Travelers to or passing through Incheon International Airport in South Korea will reportedly begin seeing A.I.-driven robot assistants at the airport as early as June of 2018. That's according to an announcement made on September 14 by LG CNS and LG Electronics. A total of 14 of the bots will be put in place to cover a range of tasks from counting airport guests waiting to pass through customs and directing flyers to the airports various services and facilities. The idea is to give travelers a better idea of how long they can expect to wait, assist them in finding out where their luggage will come out or to gates associated with specific flights, as well as helping them find what they need while they wait.
As to the robots themselves, those will be built by LG Electronics and LG CNS will provide the underlying communications systems linking them to what will effectively be the airport's Internet of Things (IoT) so that they can accomplish the above-mentioned tasks with some level of accuracy. LG CNS will also bear the responsibility for both monitoring and control of the robots, which will be accomplished by connecting its own robot service platform to those other systems. The ultimate goal of the partnership is to push the technology and strengthen the system itself so that it can be expanded later into other major air travel centers across Europe and the Middle East. According to LG CNS' vice president of the Internet of Things (IoT), the point is also to "optimize" the system for airport environments and "aggressively develop the AI-powered robot service market" in conjunction with IoT so that it can be readily adjusted to suit "various" other industries as well.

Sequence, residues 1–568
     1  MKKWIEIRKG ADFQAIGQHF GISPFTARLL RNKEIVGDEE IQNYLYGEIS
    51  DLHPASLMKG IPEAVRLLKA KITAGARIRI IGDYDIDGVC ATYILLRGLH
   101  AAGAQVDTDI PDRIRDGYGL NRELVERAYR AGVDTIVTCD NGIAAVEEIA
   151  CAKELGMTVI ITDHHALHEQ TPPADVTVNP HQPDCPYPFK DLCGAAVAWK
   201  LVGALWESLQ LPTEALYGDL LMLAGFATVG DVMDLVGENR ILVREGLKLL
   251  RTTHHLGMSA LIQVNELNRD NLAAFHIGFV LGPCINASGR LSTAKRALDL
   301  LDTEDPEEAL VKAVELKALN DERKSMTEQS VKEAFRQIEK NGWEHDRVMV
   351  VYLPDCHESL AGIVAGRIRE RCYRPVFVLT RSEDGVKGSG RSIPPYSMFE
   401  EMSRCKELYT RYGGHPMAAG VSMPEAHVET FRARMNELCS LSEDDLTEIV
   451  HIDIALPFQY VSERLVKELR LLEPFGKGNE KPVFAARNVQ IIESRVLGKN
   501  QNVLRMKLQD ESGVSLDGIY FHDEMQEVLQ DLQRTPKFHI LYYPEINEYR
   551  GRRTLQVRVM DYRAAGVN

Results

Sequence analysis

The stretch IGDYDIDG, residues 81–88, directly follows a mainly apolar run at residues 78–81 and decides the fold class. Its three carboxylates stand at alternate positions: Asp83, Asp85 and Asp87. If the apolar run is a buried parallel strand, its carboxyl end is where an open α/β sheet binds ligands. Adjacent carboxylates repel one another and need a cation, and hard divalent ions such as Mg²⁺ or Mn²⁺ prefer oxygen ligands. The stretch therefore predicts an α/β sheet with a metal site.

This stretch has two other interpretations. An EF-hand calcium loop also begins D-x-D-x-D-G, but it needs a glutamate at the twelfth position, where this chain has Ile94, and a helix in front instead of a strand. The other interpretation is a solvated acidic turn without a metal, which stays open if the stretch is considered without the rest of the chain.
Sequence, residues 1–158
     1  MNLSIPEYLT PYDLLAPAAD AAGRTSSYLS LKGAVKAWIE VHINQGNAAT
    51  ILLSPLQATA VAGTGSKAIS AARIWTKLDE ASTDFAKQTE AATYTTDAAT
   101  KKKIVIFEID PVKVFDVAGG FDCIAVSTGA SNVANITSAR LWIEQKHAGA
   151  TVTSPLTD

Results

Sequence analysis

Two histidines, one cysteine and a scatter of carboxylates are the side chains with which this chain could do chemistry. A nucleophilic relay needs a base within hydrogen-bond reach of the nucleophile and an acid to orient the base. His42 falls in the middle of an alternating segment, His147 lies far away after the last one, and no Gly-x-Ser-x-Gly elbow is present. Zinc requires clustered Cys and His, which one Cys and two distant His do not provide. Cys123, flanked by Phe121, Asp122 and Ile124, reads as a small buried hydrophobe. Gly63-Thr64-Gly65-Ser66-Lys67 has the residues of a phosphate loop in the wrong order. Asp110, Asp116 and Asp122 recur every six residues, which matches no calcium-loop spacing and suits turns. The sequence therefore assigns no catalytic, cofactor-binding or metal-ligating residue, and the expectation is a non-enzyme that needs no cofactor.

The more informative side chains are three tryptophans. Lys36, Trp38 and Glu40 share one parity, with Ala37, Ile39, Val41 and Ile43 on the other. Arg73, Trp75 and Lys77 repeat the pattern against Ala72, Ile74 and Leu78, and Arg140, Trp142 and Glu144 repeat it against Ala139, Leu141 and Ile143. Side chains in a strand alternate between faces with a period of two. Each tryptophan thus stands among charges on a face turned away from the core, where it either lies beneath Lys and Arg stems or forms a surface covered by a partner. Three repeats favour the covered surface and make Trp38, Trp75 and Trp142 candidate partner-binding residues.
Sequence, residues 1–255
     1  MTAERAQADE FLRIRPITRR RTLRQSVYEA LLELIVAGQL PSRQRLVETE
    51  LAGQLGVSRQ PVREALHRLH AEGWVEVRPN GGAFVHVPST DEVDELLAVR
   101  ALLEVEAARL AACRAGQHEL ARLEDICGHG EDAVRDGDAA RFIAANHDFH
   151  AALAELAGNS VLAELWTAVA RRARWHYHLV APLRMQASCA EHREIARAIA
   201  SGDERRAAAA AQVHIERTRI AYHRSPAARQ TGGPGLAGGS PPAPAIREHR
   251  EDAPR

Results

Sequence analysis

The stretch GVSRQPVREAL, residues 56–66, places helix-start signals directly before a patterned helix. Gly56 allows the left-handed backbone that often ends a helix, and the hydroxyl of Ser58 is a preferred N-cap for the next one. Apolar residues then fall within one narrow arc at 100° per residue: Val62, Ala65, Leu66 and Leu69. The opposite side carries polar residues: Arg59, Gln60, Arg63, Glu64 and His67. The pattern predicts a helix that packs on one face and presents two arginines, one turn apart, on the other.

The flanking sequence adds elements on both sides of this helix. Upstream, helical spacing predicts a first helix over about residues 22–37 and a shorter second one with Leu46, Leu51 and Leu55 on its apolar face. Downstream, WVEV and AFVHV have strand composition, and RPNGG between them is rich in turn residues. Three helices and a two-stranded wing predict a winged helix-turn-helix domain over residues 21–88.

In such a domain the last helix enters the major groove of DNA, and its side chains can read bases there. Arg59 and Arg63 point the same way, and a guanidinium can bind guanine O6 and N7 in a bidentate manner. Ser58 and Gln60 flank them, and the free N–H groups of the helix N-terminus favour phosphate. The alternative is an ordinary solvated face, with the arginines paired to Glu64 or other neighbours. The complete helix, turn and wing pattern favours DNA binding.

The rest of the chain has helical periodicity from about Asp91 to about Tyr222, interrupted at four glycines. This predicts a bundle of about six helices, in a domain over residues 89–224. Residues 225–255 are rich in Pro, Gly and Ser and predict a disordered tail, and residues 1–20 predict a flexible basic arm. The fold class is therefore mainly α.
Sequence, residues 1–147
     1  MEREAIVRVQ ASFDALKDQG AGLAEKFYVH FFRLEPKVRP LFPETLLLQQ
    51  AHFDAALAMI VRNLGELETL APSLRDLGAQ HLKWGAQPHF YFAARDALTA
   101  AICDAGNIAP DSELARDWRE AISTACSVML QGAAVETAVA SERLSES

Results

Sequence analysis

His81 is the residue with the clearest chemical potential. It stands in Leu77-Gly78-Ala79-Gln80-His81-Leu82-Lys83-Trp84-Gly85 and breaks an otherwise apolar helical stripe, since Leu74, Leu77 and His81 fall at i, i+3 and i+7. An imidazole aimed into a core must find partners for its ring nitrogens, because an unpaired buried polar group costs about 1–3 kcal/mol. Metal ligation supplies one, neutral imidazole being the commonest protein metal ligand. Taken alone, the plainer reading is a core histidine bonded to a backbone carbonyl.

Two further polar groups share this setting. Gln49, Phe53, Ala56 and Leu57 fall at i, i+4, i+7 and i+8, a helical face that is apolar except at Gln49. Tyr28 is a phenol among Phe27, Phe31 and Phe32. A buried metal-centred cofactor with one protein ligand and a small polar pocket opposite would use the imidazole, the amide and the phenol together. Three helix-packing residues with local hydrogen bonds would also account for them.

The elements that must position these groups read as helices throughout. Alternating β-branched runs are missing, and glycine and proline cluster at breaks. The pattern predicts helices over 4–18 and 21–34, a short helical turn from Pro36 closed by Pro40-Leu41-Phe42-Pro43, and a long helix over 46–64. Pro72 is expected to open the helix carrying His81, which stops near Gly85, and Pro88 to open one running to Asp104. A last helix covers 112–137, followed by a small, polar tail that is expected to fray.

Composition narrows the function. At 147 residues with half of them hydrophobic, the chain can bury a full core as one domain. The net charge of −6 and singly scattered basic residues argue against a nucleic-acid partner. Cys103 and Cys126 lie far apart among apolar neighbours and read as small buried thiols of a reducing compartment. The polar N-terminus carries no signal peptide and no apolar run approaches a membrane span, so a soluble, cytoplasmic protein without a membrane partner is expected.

Although the partnership isn't expecting to be fully integrated until the middle of next year, the companies also announced that a test run would take place during the Pyeongchang Winter Olympics in 2018. That means anybody visiting the games may be able to get a glimpse of what the bots may be capable of as early as February of next year. This is, of course, not the only ongoing attempt by any company to push for expansion of these technologies. Sprint and Softbank are currently working on a completely different model for bringing similar assistants to the U.S., for example. However, this particular deal appears to be much more focused, which could be more beneficial than that other, less directed approach.